Report: Mobile game revenue falls 6.6% in the first half of 2022 (Sensor Tower)

Mobile game revenue topped out at $41.2 billion, while game downloads slightly increased by 0.4%.

Mobile games revenue declined to $41.2 billion for the first half of 2022, a new report from analyst firm Sensor Tower shows. That’s a 6.6% year over year decrease, down from $44.1 billion. The App Store and Google Play Store both saw these decreases, but the latter took the biggest hit.

Sensor Tower analyst Craig Chapple tells GameDaily that this downturn is “very unusual and suggests that there are significant challenges impacting the mobile games sector.”

“The issue is likely a combination of factors such as IDFA deprecation on the App Store, inflation and the global cost of living crisis,” he said.

Chapple also said that, similar to the console and PC games market, the mobile games sector is coming off a substantial rise in player spend that occurred during the initial wave of COVID-19 lockdowns. That can make the comparisons almost unfair, especially when looking at revenue pre-COVID.

“For some context, global player spending across the App Store and Google Play was down 6.6% Y/Y in H1 2022, but up 36.7% compared to H1 2019,” Chapple said.

Though these numbers are still very unusual, Chapple credits the fact that we’re still dealing with the effects of the last two years. 

“Despite the challenges - or perhaps because of some of them - mobile game downloads were actually up in H1 2022. That’s despite the outsized growth seen during the last couple of years, sparked by waves of the COVID-19 pandemic and global lockdowns.”

The revenue leaderboards stayed very much the same with Honor Of Kings and PUBG Mobile keeping the first and second spots for overall revenue for H1 2022. Genshin Impact came in at third, keeping its momentum going from its landmark pace of approximately $1 billion in revenue every six months. 

Lineage W that takes the top spot on the Google Play Store in the absence of both of Tencent’s mobile giants.

However, this particular development isn’t much of a surprise for Chapple. 

“The Lineage franchise is a blockbuster IP in South Korea,” he said. “Each time a new title is released on mobile - whether it’s a mobile title built from scratch or a port of a PC classic - it’s almost a guaranteed hit.”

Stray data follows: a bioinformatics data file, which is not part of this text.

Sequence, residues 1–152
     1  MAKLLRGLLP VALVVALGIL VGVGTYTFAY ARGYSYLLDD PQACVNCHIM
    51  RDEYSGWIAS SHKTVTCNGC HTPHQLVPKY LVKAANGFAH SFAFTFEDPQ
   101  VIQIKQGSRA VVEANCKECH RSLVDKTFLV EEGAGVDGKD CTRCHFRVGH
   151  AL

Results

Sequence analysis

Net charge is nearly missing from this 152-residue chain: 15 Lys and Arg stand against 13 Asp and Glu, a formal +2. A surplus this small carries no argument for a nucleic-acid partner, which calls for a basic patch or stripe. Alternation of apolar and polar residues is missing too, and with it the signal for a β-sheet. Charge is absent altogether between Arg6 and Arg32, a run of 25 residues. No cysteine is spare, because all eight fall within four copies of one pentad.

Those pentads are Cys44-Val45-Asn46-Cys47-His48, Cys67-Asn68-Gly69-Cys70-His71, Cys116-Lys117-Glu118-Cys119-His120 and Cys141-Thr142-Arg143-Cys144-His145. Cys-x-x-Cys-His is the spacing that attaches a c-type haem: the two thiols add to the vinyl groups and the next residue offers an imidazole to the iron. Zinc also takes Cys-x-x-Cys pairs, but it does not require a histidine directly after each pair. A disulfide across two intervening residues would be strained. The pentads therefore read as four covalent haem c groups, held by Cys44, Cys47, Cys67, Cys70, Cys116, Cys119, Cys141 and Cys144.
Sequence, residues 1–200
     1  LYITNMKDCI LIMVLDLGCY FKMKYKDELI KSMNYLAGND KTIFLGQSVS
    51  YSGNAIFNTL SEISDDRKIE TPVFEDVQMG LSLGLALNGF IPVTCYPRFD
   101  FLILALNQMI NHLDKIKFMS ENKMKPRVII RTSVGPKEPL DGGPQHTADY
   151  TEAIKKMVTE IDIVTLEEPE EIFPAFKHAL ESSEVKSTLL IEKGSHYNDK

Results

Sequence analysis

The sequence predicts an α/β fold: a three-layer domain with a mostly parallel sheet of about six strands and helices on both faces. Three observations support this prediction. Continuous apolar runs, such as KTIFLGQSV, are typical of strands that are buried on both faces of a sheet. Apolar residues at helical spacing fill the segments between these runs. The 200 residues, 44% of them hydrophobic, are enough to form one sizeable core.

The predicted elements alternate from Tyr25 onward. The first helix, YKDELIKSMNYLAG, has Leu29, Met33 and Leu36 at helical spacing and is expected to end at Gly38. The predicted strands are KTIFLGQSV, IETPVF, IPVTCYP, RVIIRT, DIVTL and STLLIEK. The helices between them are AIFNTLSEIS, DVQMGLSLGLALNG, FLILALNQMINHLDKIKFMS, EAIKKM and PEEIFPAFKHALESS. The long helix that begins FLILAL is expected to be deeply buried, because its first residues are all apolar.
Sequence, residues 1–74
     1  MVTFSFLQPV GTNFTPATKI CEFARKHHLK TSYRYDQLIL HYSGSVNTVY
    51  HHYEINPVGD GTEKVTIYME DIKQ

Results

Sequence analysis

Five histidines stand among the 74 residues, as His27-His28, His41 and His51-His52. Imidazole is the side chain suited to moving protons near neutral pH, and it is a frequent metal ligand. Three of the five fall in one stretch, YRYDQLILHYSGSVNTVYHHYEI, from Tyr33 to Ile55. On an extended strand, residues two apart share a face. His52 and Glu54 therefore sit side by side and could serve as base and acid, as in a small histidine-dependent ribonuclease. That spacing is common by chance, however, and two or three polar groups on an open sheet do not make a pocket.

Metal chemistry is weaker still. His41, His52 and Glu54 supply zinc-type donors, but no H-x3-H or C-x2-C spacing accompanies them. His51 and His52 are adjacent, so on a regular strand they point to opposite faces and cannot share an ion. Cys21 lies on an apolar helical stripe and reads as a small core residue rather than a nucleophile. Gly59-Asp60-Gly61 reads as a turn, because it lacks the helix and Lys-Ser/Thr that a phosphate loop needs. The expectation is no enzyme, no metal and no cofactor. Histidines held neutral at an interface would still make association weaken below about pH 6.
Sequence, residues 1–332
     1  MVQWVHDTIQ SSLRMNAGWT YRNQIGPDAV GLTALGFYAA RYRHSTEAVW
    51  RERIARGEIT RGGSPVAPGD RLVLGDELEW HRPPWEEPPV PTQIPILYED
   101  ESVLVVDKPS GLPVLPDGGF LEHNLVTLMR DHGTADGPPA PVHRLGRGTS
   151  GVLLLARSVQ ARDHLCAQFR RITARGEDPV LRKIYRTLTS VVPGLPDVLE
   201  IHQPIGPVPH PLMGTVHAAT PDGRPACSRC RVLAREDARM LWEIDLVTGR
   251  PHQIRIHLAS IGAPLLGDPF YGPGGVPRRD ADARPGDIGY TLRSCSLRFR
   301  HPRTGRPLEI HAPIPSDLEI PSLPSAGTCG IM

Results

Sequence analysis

Chapple said the most successful game in the franchise is Lineage M, which has reached $3.9 billion in player revenue across both the App Store and Google Play Store. 

Although player spending was down for the first half of the year, there was a small increase in global mobile game downloads, up 0.4% year over year with 28.1 billion downloads.

Sensor Tower reports that this growth came primarily from the Google Play Store, growing 1.3% with 23.9 billion downloads, while the App Store saw a decrease in downloads by 4.5% at 4.2 billion downloads. 

Although Honor Of Kings holds the top spot for mobile revenue, Subway Surfers became the most downloaded mobile game for the first half of the year, a push that Chapple says comes from years of fan support and anniversary celebrations. 

Subway Surfers has been a hugely popular game for years, generating millions of downloads each month, supported by regular content updates to keep players engaged as well as entice new users,” he said. “In May, the title had its best month ever for downloads, accumulating approximately 30 million installs. This came as it celebrated its 10 year anniversary since launch, which also spurred on a record month for player spending at $5.8 million.”

Chapple said it’s always difficult for mobile developers to maintain or surpass this level of growth, mainly because of large increases in downloads. However,  he pointed out the mobile sector has proven more than once it’s capable of attracting plenty of new consumers. Sensor Tower recently noticed a shift in download patterns, with countries traditionally less important to the mobile sector gradually spending and downloading more.

Other shifts also include the rise of season-pass style profit models in mobile gaming, a model which Sensor Tower previously said is present in almost half of all mobile games.

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News Writer

David Carcasole is a freelance games journalist whose work has appeared in GamesIndustry.Biz, [lock-on], Into the Spine, and others. Find him on Twitter @SlyBowser, where he’s likely pining for the days when PS Vita games were still in development.